I am a typical American eighth grade girl. I probably spend too much time on social media, and my homework is mainly conducted online. I prefer typing over handwriting, and I love connecting through the web. I love Netflix, Twitter, Instagram and YouTube.
Yet every Friday when the sun sets and the shabbat chicken is the oven, I shut off my laptop and push my backpack into the closet. The sun will rise and set again before I venture back to the digital world.
This is my family’s tradition: our tech shabbat. From sundown on Friday to 5 p.m. on Saturday, we regress back to when screens didn’t control every aspect of our lives. We read with abandon, take a walk, play board games, hop into the pool, go window shopping and spend time just spacing out, wavering in and out of our minds.
Let me be clear, we do not revert back to cavemen and women; our tech shabbat means that we do not use screens. We do use kitchen appliances, drive, use the landline — any device that doesn’t have a screen. We give our eyes and minds a break from the digital onslaught, a new interpretation of an old Jewish tradition.
I was 6 years old when we began our tech shabbats. My grandfather passed away and my sister was born. My parents began talking about not using screens on Saturday, and I thought it was just a phase – they would grow out of it as I would grow out of sucking my thumb. At 6, I was already very attached to my devices and didn’t understand why we were giving them up.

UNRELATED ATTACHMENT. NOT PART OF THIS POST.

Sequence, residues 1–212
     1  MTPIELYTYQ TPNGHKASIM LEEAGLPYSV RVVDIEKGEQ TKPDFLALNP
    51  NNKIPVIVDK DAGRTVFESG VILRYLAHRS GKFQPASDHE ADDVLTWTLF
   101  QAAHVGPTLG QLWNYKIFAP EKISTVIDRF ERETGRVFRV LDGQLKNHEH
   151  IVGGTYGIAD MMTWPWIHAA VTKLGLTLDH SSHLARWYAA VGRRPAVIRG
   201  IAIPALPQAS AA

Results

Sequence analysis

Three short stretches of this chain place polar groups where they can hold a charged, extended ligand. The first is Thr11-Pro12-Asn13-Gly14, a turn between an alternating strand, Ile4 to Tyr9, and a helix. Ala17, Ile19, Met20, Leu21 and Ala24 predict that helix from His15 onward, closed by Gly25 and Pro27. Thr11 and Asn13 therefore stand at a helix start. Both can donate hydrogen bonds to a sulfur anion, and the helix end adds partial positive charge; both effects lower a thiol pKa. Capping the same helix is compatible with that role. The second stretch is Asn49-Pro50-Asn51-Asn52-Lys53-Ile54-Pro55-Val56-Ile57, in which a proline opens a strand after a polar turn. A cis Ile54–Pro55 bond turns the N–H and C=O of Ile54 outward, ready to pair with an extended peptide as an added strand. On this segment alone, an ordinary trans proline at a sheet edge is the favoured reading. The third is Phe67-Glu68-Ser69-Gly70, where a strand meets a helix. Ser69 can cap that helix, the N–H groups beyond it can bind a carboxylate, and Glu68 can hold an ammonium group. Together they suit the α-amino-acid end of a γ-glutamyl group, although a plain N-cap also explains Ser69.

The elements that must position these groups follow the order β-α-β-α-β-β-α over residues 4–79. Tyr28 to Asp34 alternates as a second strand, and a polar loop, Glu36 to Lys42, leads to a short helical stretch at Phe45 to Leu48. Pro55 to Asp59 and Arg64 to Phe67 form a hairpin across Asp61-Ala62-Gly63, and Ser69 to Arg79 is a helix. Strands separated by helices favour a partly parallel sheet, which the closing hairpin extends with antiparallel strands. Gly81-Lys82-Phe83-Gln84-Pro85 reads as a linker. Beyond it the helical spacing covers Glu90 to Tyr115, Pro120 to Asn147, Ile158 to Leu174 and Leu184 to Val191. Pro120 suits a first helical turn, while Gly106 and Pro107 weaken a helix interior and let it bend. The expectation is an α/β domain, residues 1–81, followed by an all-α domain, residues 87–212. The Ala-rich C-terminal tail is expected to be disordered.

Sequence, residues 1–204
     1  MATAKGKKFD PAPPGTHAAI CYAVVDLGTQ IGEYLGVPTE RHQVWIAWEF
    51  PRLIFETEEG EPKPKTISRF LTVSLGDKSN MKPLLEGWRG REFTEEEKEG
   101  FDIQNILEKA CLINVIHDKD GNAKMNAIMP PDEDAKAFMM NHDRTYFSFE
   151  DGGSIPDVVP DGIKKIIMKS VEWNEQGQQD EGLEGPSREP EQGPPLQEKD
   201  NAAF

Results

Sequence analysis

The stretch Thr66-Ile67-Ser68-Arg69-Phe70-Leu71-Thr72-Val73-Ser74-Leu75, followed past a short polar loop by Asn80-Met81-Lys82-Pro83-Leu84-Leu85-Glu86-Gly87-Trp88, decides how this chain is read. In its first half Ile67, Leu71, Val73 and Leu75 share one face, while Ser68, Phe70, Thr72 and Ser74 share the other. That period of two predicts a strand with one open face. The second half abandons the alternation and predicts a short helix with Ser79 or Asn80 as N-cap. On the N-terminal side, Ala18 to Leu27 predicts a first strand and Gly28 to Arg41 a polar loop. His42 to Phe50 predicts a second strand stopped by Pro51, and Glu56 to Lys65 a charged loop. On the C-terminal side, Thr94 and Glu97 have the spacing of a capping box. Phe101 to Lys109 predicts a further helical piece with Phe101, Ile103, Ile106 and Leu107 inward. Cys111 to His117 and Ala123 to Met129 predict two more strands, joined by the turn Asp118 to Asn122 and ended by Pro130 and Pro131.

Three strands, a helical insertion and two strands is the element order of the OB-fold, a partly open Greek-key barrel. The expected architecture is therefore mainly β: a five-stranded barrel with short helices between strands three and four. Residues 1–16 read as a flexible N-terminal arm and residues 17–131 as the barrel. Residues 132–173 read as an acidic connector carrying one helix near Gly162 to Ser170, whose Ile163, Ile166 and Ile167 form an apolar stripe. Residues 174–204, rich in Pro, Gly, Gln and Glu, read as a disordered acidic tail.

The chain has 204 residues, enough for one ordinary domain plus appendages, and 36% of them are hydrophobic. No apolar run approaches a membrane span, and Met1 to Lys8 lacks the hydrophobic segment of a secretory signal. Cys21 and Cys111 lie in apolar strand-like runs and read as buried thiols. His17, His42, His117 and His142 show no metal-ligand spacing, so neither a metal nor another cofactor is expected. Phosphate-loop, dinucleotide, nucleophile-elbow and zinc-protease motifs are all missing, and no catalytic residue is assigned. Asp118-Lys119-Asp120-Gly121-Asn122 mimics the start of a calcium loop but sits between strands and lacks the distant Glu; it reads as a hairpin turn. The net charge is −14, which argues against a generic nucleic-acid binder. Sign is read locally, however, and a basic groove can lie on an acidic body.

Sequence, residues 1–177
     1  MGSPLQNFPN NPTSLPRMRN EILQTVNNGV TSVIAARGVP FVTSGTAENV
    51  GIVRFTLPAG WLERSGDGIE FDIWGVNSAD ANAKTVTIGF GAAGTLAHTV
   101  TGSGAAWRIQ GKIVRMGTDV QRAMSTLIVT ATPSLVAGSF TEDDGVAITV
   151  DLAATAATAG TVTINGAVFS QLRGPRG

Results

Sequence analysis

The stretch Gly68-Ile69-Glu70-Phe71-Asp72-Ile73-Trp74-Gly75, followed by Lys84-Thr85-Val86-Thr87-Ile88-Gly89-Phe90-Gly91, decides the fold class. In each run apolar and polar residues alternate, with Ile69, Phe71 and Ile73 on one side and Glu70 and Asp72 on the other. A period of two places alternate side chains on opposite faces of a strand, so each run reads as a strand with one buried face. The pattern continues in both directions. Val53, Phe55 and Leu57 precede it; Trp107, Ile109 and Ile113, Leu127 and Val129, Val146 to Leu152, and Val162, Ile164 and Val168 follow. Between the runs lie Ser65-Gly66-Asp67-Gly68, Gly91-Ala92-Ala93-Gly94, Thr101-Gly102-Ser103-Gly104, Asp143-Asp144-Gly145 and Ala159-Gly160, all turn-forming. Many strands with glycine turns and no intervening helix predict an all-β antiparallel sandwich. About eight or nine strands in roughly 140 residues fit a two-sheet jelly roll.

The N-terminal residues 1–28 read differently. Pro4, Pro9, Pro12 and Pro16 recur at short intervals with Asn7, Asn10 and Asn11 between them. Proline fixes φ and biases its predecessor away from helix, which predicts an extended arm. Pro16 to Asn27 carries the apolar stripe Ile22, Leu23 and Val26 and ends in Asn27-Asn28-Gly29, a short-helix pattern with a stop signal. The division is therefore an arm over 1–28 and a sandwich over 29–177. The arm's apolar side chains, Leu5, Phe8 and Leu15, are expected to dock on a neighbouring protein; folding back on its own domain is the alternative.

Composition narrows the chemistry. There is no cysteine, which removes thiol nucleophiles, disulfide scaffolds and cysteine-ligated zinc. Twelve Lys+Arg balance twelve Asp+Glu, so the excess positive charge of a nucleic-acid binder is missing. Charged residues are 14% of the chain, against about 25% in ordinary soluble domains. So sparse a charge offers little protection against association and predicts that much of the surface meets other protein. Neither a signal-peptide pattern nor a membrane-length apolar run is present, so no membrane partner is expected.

Our first tech shabbat was torturous; I had no idea time would pass so slowly. The day slunk by, hours stretching into millenniums in my young mind. When the day was over, we all sunk back into technology, immersed once again in that artificial light. The next weekend we did it again. This time I realized that I could be with my family with no distractions. It fit in perfectly with our Friday shabbat dinners.
As I grow older, I appreciate it more; I understand that it is a sanctuary. I remember clearly a teacher asking how I could complete my schoolwork without working on Saturdays. I am a hard worker, I love school work, research and writing. I enjoy homework. Yet I can get really stressed out, my to-do list running through my head on repeat at 11:30 on a school night. Yet on Friday nights I sleep my best. I push away my stress and worry for Sunday. Tomorrow there is nothing I have to do even if my homework doesn’t involve technology. Tomorrow is meant for losing myself in a book, playing guitar, going swimming, biking and more.
When the teacher asked me this at first I got really nervous. Could I complete my school work and still respect tech shabbats? But now I think I couldn’t work as well without our weekly tech shabbat.
Keeping to a weekly tech shabbat sounds daunting and an unnecessary torture, but I can honestly tell you that it’s a lot easier than it sounds as you get used to it. It just involves some planning ahead and letting go of knowing what everyone’s ETA is all the time. We’ve lived without this technology for such a long time, it’s ridiculous for us to be so dependent on it now, and I think it would do the world some good if everyone stepped out from behind their cell phones once in a while and appreciated the world.
Our tech shabbat has this magical quality that expands the day – we aren’t missing anything behind a screen. Yet when 5 p.m. Saturday comes around, we all dive into technology headfirst. I race to check Twitter Moments, Instagram and Gmail. My parents pull out their phones from the charging dock and check in. My sister switches on the iPad. Yet I’m finding that I am less and less eager to get back online and re-enter the world of homework assignments due on Monday.
Saturdays used to be one of my least favorite days of the week, but now I appreciate it in all its glory. I cherish this tradition that has become embedded in our lives. It has brought my family so much closer.